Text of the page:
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# Absolute value & piecewise functions: FAQ

Frequently asked questions about absolute value & piecewise functions

## What is absolute value?

Absolute value is a function that outputs the distance of any input from $0$ on the number line. We often write the absolute value of a number with vertical bars on either side, like $|x|$.

## What do graphs of absolute value functions look like?

For the most basic absolute value function, $y=|x|$, the graph looks like a "V" shape with the vertex at the origin. As we modify the function (for example, by shifting it vertically or horizontally), the graph will change accordingly, but it will maintain the general "V" shape.

## What are piecewise functions?

Piecewise functions are functions that are defined in separate "pieces" for different intervals of the input. For example, we could define a piecewise function $f\left(x\right)$ like this:
This function will multiply an input by $2$ for inputs less than or equal to $0$, and multiply it by $3$ and add $1$ for inputs greater than $0$.

## What do graphs of piecewise functions look like?

The graph of a piecewise function will depend on the specific function itself. However, a common feature is that the graph may appear "broken" or disjointed at the points where the function changes definitions. For the function $f\left(x\right)$ above, the graph will be two different lines that meet at the origin.

## Where are absolute value functions and piecewise functions used in the real world?

Both types of functions are used in a variety of contexts. Absolute value functions can be helpful when we want to measure distances or find the magnitude of a certain quantity. Piecewise functions are often used to model situations where different rules or formulas apply in different situations.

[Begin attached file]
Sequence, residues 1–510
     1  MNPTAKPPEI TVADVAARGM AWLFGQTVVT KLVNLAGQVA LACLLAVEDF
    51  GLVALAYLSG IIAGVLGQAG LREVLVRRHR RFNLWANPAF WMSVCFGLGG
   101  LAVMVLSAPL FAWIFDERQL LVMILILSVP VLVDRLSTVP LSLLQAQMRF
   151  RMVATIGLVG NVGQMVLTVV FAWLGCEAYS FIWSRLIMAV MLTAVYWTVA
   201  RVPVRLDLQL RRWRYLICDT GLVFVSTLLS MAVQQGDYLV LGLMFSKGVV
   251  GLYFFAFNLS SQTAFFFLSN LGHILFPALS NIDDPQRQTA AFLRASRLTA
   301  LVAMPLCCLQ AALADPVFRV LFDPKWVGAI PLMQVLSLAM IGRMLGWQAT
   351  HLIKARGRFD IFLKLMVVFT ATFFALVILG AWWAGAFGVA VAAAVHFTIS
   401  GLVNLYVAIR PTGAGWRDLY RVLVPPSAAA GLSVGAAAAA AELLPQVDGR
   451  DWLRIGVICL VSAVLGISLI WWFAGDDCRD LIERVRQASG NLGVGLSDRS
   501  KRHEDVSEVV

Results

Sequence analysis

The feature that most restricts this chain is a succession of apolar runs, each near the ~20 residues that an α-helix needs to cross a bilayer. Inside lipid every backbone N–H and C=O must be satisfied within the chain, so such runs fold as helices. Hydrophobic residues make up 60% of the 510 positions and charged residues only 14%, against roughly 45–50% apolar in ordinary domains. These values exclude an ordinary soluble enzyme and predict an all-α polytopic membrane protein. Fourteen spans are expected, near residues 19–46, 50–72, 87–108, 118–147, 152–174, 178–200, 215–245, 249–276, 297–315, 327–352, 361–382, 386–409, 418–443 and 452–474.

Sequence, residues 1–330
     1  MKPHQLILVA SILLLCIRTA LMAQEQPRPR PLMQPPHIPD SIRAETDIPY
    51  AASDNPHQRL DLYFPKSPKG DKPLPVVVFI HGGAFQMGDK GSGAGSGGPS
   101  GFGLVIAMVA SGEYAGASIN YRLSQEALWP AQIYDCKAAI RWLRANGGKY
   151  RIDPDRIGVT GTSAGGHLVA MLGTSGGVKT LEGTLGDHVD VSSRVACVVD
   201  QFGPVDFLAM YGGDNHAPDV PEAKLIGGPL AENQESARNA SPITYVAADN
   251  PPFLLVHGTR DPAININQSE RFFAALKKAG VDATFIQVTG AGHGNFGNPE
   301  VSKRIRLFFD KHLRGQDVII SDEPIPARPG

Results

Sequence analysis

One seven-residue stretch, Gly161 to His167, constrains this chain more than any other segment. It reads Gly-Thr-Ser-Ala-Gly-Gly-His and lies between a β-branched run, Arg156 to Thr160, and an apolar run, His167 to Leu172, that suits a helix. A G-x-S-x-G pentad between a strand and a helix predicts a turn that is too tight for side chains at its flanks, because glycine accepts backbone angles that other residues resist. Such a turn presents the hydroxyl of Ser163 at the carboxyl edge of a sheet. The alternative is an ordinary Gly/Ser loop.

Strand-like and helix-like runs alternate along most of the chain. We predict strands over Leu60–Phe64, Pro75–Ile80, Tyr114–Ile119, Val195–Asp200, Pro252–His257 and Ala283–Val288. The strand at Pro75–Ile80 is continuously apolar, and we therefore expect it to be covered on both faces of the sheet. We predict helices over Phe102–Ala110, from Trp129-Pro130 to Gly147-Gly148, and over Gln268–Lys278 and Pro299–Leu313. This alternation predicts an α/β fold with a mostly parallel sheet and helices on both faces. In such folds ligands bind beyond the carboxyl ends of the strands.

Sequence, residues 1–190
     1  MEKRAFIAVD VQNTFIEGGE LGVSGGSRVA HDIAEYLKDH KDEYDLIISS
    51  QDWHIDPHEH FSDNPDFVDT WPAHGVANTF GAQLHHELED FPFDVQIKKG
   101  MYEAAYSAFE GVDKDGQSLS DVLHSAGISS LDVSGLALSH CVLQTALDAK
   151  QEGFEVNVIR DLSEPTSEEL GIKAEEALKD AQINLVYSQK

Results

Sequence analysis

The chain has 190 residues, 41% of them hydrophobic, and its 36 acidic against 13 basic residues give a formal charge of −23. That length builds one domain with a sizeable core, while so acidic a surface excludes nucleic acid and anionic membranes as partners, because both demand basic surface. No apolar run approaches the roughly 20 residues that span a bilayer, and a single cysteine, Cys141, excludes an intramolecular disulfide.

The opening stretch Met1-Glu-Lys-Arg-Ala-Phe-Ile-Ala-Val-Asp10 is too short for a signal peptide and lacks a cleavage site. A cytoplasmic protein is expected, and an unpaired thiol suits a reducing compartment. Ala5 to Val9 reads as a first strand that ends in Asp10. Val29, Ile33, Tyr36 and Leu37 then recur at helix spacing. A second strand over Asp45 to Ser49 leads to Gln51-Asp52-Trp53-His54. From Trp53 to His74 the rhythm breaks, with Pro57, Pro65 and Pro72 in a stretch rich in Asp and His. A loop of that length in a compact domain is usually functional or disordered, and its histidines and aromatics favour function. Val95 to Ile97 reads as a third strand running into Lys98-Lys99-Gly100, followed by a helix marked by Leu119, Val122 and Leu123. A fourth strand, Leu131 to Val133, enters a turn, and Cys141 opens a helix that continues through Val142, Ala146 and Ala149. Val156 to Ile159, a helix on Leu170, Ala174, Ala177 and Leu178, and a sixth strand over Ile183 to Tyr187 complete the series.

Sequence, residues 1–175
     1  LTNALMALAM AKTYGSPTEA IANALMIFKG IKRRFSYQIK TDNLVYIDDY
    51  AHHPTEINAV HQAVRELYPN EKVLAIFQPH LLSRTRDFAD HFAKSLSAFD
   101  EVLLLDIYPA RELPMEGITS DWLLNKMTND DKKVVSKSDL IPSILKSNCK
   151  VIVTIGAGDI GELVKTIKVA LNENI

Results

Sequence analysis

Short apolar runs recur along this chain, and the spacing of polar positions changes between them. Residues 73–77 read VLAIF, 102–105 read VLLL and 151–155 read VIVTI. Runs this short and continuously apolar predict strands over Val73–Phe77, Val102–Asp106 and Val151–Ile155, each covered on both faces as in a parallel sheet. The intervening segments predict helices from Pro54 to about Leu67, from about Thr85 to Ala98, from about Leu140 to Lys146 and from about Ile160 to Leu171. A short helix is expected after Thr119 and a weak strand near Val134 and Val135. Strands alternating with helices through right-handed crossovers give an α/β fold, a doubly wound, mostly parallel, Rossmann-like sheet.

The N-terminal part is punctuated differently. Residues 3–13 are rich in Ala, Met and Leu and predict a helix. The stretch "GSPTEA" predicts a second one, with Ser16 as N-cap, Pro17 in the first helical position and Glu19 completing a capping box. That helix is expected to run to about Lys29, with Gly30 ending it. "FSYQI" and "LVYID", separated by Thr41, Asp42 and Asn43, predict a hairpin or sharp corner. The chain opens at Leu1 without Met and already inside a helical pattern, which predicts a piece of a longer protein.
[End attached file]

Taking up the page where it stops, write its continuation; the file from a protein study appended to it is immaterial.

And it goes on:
## Want to join the conversation?

• In piecewise functions such as f(x)= 1. 5, x=7
2. 8, x=3
3. 6x-4, x is not 7 or 3
does the graph shape in a way where the graph 6x-4 is drawn but has holes in y values where x is 7 or 3, and for 7 and 3, there are points for (7,5) and (3,8)?
• No, the graph's shape will not change from a line. There will be holes where x equals 7 and 3, and the 2 points, (7,5) and (8,3), are plotted separately.
• The article said, "For the function f(x) above, the graph will be two different lines that meet at the origin." But if we are talking about f(x)=2x,​if x≤0; 3x+1,if x>0​, then this statement is false. Because only f(x)=2x(x≤0) passes the origin.
Am I right?
• how do i match a piece wise function with its value
• For a piecewise function, you will have two (or more) functions that are given with different domain (input) restrictions. To match a piecewise function with its value, you have to figure out which restriction your input value lies in, and then you evaluate the function that your input lies within with that value.

For instance, if our functions are F(x)=2x for x>1 and F(x)=x for x<1, and we are given that x=2, we would evaluate F(x)=2x at x=2 [F(2)=2(2)=4].
• how do i determine the answer to a piecewise function graph
• Does a piecewise function need more than one equation?